Becoming a teacher has amplified my need (& desire) to imagine what it is like to not already know something. This really informs my writing–While I can assume a few basics like the knit & purl stitches, I can’t assume everything. For example, rather than write an instruction like “increase 45 stitches evenly across the row,” I prefer to write out something to the effect of “(k4, m1) to the last 3 st, k to end of row.” Some knitters may not need me to write it out for them, but a less experienced knitter might.  As an educator, I’ve also become aware of different learning styles:  Some learners are visual, some verbal, some kinesthetic…all to varying degrees.  I was (and still am!) the kid who had to “say it to understand it.”  Somehow, verbalizing a concept solidifies it in my mind.  No wonder I went into teaching.  No wonder I’m also a singer!

There are different style & learning preferences for knitters as well.  For example, some knitters like to follow a chart for an intricate lace pattern whereas others want row-by-row written directions.  To accommodate both, I decided to chart out the lace pattern in Elphaba as well has provide written directions for each row.  I also try to lay out my patterns in such a way so as to keep a reader’s eyes from straying too much or getting lost in the format.  This often means that my patterns take up more pages in a pdf than they would in a magazine format, but I try to put a bit of white space around particularly intense or complex rows to give the knitter’s eyes a break and, hopefully, enable them to follow the directions more easily.

As a kid, high school & college student, I hated writing.  I never felt that I had a story that needed telling, so writing a novel was out.  Writing lab reports only served to confuse me since the results of our in-class experiments never matched the results we were “supposed” to get (I’ve since learned that this is **not** science, folks!), and I could never quite figure out what the lab instructor expected for each section of the report.  This served to put a bad taste in my mouth for writing.  So when a bunch of knitters began sending me private messages that they really, really, really wanted me to write up a particular design I’d made, I thought “This is so not going to happen.  I hate writing.”  But they kept bugging me, and I gave it a try to get them off my back lol.   Oddly enough, once I sat down to the writing, I found that I did indeed have a tale to tell–the “story” was just about how to construct a garment with a couple of sticks and a lot of string.  Now, I’ll crack open my laptop to work on a pattern, and the next thing I know, 3 hours have flown by, and I have this amazing rush of adrenaline & sense of accomplishment.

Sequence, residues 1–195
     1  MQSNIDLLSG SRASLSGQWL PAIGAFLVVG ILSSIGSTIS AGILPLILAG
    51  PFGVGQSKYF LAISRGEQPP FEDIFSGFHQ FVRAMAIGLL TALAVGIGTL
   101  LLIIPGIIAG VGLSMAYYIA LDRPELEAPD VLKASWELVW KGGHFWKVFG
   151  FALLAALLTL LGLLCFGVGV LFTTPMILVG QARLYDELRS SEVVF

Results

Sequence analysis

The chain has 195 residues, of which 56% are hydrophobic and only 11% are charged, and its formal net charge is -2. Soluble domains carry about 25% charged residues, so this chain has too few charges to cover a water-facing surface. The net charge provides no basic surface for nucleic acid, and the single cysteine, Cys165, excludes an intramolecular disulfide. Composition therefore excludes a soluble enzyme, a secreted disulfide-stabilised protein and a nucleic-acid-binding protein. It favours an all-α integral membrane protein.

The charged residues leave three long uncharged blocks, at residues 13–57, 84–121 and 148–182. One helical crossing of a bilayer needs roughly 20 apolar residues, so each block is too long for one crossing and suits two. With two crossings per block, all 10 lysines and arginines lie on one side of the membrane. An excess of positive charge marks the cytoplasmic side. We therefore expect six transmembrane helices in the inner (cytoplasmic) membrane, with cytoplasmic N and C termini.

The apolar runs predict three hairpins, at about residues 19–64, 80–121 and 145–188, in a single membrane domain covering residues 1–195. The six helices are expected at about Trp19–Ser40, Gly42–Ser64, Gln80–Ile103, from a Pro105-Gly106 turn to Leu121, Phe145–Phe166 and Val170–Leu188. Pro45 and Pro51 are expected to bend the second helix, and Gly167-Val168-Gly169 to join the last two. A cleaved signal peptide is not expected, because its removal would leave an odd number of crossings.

Finally, I’d be horribly remiss in not pointing out how much being a parent has influenced my life, but as far as writing & knitting go, one anecdote stands out in my mind:  While working on my graduate degree (in education), I had to prepare an essay for a class.  I was frustrated and said out loud “I can’t do this.  I’m just not brilliant.”  My oldest son was about 9 years old at the time, looked up from his pile of Legos and said “You are brilliant, Mom.  You can do anything.”  So, um.  Yeah.  Parenting.  It’s (still) teaching me lots of things–unconditional love, patience–often times with myself:)

I finally have a blog

Some may say that Hades must have frozen over, but it’s not unlike me at all to start a blog.  I’m a Gen-Xer who is as enamored with technology almost as much as the 18-20 year olds that I teach at a local community college.  Today, I think of email, texting, Facebook, Ravelry, and Twitter as things I’ve been waiting for all my life, and I use these site as often as possible.  Excel, Illustrator, and Photoshop figure rather significantly in much of my work, and I can’t imagine being without these programs.  When I was given a smart phone for my birthday a few years ago, I got addicted to being in constant contact at the touch of a button More